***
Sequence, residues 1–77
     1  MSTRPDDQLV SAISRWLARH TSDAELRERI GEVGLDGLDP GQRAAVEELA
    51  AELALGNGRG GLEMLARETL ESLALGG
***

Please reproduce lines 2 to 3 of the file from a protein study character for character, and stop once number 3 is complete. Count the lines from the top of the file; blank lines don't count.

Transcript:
     1  MSTRPDDQLV SAISRWLARH TSDAELRERI GEVGLDGLDP GQRAAVEELA
    51  AELALGNGRG GLEMLARETL ESLALGG